This article goes through several common conceptions about the Middle Ages and shows the error in them.
What was the place and understanding of the Lord's Supper in the early church? How can a recovery of the early church's practice of the Eucharist help us to live in Christ in a more profound way? How is the grace of God mediated to us through the celebration of the Lord's Supper? These questions are reflected upon in relation to the developments in the Eucharist during the Middle Ages and the Reformation.
The article provides a survey of a Christian thinker of the Middle Ages, Boethius. His contributions to Western civilization in general and to theology in particular are significant. One of the questions he had to address in his philosophical debates was the relationship between foreknowledge and freedom.
Is the kingdom of God the central message of Jesus Christ’s teaching? There are numerous interpretations of the kingdom.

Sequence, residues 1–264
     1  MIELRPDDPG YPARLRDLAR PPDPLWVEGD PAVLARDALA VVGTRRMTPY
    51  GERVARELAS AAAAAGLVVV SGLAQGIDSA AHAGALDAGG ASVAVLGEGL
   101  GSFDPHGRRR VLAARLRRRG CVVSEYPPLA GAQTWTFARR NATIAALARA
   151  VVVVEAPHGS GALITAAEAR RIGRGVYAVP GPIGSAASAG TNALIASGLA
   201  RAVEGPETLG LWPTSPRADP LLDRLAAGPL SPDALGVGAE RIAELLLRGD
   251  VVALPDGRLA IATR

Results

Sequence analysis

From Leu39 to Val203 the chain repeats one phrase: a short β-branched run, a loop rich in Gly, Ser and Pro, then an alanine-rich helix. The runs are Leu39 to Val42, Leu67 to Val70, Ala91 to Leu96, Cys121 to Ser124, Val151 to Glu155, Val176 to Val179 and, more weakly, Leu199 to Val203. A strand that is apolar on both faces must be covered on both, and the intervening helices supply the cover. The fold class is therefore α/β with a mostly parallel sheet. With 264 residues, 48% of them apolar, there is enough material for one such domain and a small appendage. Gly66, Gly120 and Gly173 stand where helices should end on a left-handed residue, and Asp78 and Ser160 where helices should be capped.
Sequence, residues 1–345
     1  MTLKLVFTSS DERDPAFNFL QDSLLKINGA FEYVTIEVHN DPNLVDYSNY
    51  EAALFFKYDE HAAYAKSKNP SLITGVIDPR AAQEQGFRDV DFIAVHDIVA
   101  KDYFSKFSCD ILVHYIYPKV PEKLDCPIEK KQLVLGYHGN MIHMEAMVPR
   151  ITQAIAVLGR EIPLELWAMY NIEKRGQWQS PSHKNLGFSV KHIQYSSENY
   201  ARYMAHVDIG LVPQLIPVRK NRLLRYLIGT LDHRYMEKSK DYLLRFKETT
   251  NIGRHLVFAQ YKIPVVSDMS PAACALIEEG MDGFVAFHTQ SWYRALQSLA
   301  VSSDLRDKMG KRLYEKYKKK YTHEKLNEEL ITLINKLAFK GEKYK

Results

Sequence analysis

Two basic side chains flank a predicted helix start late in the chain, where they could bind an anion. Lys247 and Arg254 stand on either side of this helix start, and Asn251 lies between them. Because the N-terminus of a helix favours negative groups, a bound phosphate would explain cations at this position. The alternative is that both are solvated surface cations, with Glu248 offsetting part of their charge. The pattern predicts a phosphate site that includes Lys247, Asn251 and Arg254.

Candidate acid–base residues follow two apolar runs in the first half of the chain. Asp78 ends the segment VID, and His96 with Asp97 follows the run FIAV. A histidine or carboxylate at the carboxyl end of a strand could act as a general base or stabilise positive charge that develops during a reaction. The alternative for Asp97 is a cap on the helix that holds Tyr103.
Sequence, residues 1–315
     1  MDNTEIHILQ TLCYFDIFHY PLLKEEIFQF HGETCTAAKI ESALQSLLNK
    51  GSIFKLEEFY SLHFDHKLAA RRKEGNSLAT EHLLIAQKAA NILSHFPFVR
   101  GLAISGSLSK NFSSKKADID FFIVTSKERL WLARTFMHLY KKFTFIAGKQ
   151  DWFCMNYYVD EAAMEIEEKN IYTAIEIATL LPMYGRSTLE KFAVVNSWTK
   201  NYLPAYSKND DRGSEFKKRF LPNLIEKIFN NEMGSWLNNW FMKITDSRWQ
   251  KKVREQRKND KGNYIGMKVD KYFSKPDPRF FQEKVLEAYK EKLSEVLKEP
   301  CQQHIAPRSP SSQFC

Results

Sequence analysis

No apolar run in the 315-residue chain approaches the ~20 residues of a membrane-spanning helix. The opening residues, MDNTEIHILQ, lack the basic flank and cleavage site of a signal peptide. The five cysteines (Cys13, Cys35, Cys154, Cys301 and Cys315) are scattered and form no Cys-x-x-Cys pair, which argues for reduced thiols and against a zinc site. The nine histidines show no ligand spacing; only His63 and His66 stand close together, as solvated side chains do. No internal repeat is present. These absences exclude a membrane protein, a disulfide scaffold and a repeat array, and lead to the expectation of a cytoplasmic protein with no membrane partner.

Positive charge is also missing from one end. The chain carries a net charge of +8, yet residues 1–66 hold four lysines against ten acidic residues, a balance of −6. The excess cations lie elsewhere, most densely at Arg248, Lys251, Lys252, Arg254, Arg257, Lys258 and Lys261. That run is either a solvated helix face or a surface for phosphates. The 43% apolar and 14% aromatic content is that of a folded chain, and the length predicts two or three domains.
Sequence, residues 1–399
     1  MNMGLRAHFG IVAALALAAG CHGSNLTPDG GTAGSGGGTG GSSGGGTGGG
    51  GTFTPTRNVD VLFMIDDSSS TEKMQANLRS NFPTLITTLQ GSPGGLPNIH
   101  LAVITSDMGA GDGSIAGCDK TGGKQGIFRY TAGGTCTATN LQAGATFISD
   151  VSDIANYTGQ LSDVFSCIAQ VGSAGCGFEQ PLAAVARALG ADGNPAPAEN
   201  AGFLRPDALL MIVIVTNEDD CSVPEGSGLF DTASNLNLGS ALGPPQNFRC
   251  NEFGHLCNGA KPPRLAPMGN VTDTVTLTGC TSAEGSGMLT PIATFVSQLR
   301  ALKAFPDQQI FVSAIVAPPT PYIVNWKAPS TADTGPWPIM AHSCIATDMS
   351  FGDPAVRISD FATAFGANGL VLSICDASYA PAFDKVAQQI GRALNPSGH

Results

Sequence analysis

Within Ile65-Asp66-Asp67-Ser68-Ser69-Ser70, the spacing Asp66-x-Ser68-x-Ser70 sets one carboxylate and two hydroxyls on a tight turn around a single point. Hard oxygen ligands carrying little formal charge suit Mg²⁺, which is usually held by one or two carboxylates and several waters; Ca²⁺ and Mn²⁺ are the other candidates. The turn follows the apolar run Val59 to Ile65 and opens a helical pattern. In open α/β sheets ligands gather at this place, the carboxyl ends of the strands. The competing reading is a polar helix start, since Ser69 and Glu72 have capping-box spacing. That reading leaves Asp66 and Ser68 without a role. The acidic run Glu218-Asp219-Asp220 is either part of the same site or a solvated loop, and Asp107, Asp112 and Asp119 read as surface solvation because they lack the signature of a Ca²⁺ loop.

Many believers use the Psalms as a prayer book. It is also primarily God’s hymn book. From the early church the Psalter has been both the prayer and hymn book of the church. The author indicates this for the apostolic church and the church of the early church fathers. He continues with the Middle Ages and the Reformed tradition.
This series of articles continues the discussion of the office of deacons. Looking at 1 Timothy 5:9-10 and 1 Timothy 3:11, this series focuses on how women in the church can support the work of the diaconate. This article gives a historical survey of how these texts were implemented in the early church and the middle ages in regard to the role of women in the church.
It is impossible to understand the history of the church in the Middle Ages without having some idea of monasticism. Monasticism was so much a part of medieval life, that every aspect of the church's life was shaped and formed in the monasteries. This article is about Bernard of Clairvaux (born 1090 in France) and his influence on life in the Middle Ages.